Only neutered on male dogs

Veterinary practice Gettorf
Dr. Otten & Roth
  • Calibration coupling 8
  • 24214 Gettorf
  • Tel small animals:
    04346 - 6008033
    Tel large animals:
    04346 - 6008188
  • Fax:
    04346 - 3416

Castration of the male dog


Castration is the surgical removal of both testicles. Through this intervention, the male dog is rendered impotent.


Males are primarily neutered to counteract unwanted, gender-related behavior. Often, the desire to render sterility only comes second - mostly when male and female animals live in the same household.

Another reason for castration is the white, slimy discharge from the foreskin that occurs in every intact male. Although this discharge is called "preputial catarrh", it is to be assessed as a completely normal phenomenon. There are great individual differences in the amount of fluid secreted. Excessive production is a hygienic problem for many owners. Flushing is only a short-term success, which is why some owners choose castration. After that, the discharge stops within a few days. Medical reasons for castration can include changes in the testicles and prostate (e.g. enlargement, inflammation or cysts). Testicles that have not descended (cryptorchids) must also be removed early because the risk of developing malignant testicular tumors is otherwise very high.


In males, the timing of the operation is less important than in bitches. Males are often castrated only when they are fully grown, because only then is the sexual behavior perceived as annoying fully developed and should now be switched off. Basically, the later the operation, the lower the effect of castration on behavior. In contrast to the bitch, castration in males can affect skeletal growth. If neutered before sexual maturity, bone growth will take longer and the male will grow slightly larger.


With castration, an irreversible elimination of the sexual function is achieved. Most of the time, however, it is not fertility but rather aggressive behavior that is the reason for castration. In this context, it is important to differentiate between the various types of aggression, because not all of them are equally influenced by castration. For example, castration has no effect on the aggressiveness in connection with food or on the aggressiveness due to fear. Conflicts and fights with male conspecifics, on the other hand, can be more or less avoided by castration, whereby the age of the male at the time of the operation is of great importance. The older the male is at the castration and the longer he has already practiced his showing off, the less successful the castration will be.

As mentioned above, the discharge from the foreskin stops completely after the castration.

Possible drawbacks

In males, too, castration leads to an increased appetite in some animals. Failure to consistently pay attention to needs-based feeding and sufficient exercise can lead to obesity.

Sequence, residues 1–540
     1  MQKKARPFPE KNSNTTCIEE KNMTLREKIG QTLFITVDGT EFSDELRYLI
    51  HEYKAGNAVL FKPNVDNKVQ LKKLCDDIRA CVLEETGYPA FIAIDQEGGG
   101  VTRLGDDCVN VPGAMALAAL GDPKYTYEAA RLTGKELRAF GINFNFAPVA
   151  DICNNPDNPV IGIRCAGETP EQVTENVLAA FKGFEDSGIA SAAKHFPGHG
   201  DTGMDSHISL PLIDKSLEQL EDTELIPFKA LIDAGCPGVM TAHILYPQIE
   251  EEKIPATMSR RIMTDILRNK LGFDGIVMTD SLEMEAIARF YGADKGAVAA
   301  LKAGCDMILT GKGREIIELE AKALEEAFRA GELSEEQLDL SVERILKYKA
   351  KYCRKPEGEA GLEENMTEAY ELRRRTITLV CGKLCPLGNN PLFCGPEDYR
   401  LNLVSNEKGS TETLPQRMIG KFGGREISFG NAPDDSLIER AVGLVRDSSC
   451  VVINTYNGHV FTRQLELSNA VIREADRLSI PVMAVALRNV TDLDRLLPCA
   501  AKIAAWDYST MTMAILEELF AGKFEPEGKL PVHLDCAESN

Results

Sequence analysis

In contrast to the bitch, castration in males can affect skeletal growth. In the case of castration before reaching sexual maturity, the bone growth then takes a little longer and the male becomes slightly larger. In the case of spaniels, long-haired dachshunds and Irish setter males, the quality of the fur is impaired by castration in the same way, but less often than in the bitches. In some cases the wool hair may grow excessively and a "puppy fur" may develop.

As a consequence of castration, incontinence (dripping urine) is very rare in males. The involuntary loss of urine occurs particularly while sleeping and lying down. Large breed neutered males are affected slightly more often than small breeds. Drug treatment is possible, but not always successful.

Other risks related to castration

In addition to the possible side effects mentioned above, every castration, like any other operation, also involves the risk of anesthesia and surgery.

What is the anesthetic risk?

Modern, gentle anesthetics have made anesthesia much safer for our animals too. Nevertheless, any anesthesia can lead to unexpected life-threatening incidents which, in the worst case, can lead to the death of the animal. These incidents can also occur in completely healthy animals. However, they are more likely when the risk of anesthesia is increased. Factors that influence the risk of anesthesia are, for example, heart disease, very old age, liver and kidney diseases and other pre-existing conditions. The individual risk of anesthesia is determined and discussed anew for each patient and each anesthesia. Whether further examinations such as blood tests, X-rays or ultrasound examinations are necessary for your animal will be clarified during the preliminary examination.

What is the surgical risk?

Any operation can lead to complications in the course of healing. This can be secondary bleeding, wound swelling, wound healing disorders, infections or intolerance reactions to medication or sutures. The surgical risk is different for every dog ​​and every operation.

If you have any questions on this topic, please contact us, we will be happy to advise you in detail.